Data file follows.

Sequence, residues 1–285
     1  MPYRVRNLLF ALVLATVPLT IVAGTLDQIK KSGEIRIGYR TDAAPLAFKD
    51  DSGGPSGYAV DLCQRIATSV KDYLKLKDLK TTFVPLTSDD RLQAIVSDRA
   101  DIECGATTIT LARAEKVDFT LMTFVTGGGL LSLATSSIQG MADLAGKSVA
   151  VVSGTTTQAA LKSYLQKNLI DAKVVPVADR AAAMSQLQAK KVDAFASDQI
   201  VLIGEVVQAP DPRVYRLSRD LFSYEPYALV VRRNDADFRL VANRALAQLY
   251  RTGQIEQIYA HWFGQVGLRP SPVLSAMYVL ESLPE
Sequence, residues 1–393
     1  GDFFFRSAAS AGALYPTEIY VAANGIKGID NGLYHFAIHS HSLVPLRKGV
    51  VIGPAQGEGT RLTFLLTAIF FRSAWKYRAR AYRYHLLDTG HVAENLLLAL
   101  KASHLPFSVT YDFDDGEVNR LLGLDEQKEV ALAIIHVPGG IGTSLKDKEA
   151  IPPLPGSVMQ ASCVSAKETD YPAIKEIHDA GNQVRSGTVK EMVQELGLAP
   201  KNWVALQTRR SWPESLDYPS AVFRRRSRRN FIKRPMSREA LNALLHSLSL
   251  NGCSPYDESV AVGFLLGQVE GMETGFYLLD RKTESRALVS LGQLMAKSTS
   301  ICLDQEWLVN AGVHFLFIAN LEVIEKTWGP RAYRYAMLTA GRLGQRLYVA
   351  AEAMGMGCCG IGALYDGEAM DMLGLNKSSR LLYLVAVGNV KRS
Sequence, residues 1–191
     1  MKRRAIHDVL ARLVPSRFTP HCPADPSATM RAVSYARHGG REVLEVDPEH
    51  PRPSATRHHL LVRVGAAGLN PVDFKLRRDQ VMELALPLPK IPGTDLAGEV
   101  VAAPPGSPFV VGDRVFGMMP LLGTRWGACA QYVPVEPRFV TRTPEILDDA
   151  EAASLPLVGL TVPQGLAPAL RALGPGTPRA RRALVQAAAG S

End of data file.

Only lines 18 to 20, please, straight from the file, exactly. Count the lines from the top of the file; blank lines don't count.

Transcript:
     1  MKRRAIHDVL ARLVPSRFTP HCPADPSATM RAVSYARHGG REVLEVDPEH
    51  PRPSATRHHL LVRVGAAGLN PVDFKLRRDQ VMELALPLPK IPGTDLAGEV
   101  VAAPPGSPFV VGDRVFGMMP LLGTRWGACA QYVPVEPRFV TRTPEILDDA